A new park is rising from the waters of Lake Ontario in Mississauga, Ont. and the speed in which it is evolving would probably please, maybe even thrill, former city councillor Jim Tovey.
Being built right in the lake from construction debris, the 1.6-kilometre-long, 26-hectare Jim Tovey Lakeview Conservation Area is named in his honour.
A former Citizen of the Year who died in 2018, Tovey was a major proponent of the park, which extends along the south edge of the G.E. Booth Wastewater Treatment Plant from the Marie Curtis Park on Mississauga’s easterly border with Toronto west to the new Lakeview Village development on the site of Ontario Power Generation’s (OPG) former Lakeview Generating Plant.
The $60-million project is a joint-venture partnership between Credit Valley Conservation, Toronto Region Conservation Authority and Peel Region. Construction started in 2016 and will be completed in 2025, says Credit Valley Conservation manager of capital projects and assets, Jesse de Jager.
“We’re on track, on schedule, and on budget. The land form is basically complete, the fill material is at the 85-per-cent stage and the cap at about 60 per cent.”
Thousands of cubic metres of construction rubble from pre-approved suppliers, which otherwise would have gone to landfill sites, was used to erect an eight-metre-wide berm wall to protect five containment cells. In the deepest part of the lake, stretching from about the park’s mid-point westerly, the berm is being reinforced with two layers of armourstone. The eastern shoreline will consist of cobblestone thanks to the creation of three armourstone islands which will function as break walls.
“The islands will restrain the energy of the lake.”
As for the cells, they are in different stages of a Cinderella-like transformation into meadows, forests, trails, gathering spaces, and two wetlands. They are being formed with reused fill from Peel Region’s own infrastructure projects and will be capped with clean fill, also from pre-approved suppliers.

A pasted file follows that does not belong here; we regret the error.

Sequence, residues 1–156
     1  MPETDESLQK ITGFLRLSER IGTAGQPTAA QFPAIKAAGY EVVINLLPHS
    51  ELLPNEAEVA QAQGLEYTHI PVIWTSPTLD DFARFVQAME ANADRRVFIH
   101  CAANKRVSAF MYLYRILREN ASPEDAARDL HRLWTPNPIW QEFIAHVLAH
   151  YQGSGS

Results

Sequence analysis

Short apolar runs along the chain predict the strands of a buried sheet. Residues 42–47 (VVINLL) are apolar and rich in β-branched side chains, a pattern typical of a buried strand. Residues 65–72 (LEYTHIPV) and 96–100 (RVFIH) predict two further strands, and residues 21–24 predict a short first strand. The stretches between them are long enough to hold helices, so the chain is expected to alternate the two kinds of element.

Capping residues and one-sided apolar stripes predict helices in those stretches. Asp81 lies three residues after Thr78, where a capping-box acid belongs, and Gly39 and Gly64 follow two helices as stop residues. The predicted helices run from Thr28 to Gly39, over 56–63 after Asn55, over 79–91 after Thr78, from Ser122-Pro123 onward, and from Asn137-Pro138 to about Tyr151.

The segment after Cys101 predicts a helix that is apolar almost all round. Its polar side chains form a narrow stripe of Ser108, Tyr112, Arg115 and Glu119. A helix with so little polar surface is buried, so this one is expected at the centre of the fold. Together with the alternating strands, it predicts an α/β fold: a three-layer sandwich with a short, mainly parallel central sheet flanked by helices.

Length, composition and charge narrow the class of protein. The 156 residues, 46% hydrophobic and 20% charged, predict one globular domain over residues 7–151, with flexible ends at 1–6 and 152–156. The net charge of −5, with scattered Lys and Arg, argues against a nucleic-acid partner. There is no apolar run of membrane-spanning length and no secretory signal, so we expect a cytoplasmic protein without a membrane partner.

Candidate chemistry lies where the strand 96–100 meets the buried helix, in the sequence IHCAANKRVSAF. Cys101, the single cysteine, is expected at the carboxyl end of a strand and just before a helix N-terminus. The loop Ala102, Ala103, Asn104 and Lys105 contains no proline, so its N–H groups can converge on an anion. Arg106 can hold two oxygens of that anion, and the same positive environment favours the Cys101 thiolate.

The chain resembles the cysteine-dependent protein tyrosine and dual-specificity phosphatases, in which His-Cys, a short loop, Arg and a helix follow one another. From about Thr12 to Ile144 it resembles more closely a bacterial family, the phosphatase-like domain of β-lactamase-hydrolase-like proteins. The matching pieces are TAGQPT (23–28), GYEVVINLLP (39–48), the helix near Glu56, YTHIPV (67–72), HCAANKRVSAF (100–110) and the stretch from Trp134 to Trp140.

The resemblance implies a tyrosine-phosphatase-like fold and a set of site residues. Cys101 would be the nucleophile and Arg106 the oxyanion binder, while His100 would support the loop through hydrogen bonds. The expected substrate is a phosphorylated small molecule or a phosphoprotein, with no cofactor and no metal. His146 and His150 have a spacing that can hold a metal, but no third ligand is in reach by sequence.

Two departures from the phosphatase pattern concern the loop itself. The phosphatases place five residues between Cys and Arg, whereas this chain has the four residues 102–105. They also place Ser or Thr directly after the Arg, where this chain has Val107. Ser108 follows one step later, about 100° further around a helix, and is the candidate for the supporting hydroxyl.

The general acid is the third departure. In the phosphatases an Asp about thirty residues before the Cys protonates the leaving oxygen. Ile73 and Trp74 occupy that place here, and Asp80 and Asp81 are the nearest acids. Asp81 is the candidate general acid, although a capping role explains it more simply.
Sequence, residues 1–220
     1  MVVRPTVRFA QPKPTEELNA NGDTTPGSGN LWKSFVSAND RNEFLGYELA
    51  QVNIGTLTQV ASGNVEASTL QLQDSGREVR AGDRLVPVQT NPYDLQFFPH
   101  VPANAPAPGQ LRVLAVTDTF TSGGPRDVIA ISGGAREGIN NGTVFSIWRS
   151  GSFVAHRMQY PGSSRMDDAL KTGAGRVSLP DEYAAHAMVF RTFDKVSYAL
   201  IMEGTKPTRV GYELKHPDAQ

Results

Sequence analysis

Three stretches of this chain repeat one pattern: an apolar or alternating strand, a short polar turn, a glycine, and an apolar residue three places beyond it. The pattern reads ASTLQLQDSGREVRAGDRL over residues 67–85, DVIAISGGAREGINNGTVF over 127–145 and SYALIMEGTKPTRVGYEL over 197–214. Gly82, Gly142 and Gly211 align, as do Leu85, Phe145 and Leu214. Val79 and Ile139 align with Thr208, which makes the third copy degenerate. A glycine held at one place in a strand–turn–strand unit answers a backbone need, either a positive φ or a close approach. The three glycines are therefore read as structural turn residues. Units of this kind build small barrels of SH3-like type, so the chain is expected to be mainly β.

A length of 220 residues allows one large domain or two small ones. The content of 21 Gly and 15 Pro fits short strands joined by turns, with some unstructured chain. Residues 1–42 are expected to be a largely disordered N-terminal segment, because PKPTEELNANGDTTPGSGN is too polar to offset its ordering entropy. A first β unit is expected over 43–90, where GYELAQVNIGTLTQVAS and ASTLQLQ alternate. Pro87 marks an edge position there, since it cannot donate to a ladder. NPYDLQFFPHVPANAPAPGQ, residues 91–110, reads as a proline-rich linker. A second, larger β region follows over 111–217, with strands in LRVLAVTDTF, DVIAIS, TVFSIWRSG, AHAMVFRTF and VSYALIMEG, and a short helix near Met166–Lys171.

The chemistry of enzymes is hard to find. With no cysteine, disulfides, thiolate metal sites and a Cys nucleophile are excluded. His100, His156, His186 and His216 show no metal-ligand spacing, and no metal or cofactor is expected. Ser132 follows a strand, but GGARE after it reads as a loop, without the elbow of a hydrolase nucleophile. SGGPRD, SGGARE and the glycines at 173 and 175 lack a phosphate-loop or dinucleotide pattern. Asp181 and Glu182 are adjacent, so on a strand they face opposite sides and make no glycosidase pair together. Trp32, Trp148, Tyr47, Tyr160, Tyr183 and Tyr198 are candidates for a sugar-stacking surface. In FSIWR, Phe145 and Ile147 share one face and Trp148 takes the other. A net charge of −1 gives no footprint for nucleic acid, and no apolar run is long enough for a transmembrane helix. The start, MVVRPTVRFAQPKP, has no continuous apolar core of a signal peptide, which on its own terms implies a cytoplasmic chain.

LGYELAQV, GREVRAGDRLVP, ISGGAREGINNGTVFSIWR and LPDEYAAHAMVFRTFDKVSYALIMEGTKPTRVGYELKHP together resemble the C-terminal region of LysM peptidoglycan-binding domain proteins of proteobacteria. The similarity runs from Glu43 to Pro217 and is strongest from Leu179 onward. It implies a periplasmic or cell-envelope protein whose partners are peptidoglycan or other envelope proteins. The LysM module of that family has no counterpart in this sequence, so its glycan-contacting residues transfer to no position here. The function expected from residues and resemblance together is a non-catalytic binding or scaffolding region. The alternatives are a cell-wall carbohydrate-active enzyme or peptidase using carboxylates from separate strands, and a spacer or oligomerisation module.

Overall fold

An average daily count of 140 trucks have entered and exited the site since construction started, with, at one stage, that figure reaching 350.
“We were down to about 60 trucks last month.”
At this stage of the project, 1.2 million cubic metres of fill has been placed, more than 254,300 cubic metres of construction rubble reused, 20,748 trees and shrubs planted, and five hectares of new wetlands created, he says.
There are two wetlands, the Serson and the Applewood, named after the Serson and Applewood Creeks. Located on the west side of the conservation area, the Serson Wetland has been completed and is now the home of 20,000 native wetland plants, with 1,000 native trees around the perimeter. The creeks will be diverted into the wetlands and restored into more natural watercourses with thousands of trees and shrubs, he says.
About 500 metres of the Serson Creek is currently buried and flows through a pipe under the G.E. Booth Wastewater Treatment Facility with no physical connection to Lake Ontario for fish to live or travel upstream.
The restoration will get underway later this spring with the assistance of the Lakeview Community Partners, the developers of Lakeview Village. It will be “daylighted” and fish will once again be allowed to move up and live in the watercourse, something that hasn’t occurred in decades. After this phase of the project is finished, the creek will reconnect Lake Ontario to its upper portion through the Lakeview Village lands, he says.
In highlighting the collaboration with the development consortium, de Jager cites other benefits. Concrete debris from the old OPG facility is being used to accelerate the construction of the cells, eliminating the expensive process of trucking the concrete offsite and also facilitating faster site work on the Lakeview Village lands.
“It (the collaboration) is win-win for both parties.”
A temporary truck access to the park is also on the developers land and will eventually be restored, he says.
Construction of the Applewood Wetland and the extension of the Applewood Creek, which are on the park’s east side, should be finished later this spring, says de Jager.
For a project of such monumental scale, the construction of the Jim Tovey Lakeview Conservation Area is “going remarkably well.” The main challenge was the planning, design, and the co-ordination among the two conservation authorities and the Region of Peel, he says.
“It will be spectacular. For the first time in generations residents in the community, which is called Lakeview, will have a chance to see the lake,” says de Jager, in commenting on what the conservation area will look like when it’s open to the public in a few years’ time.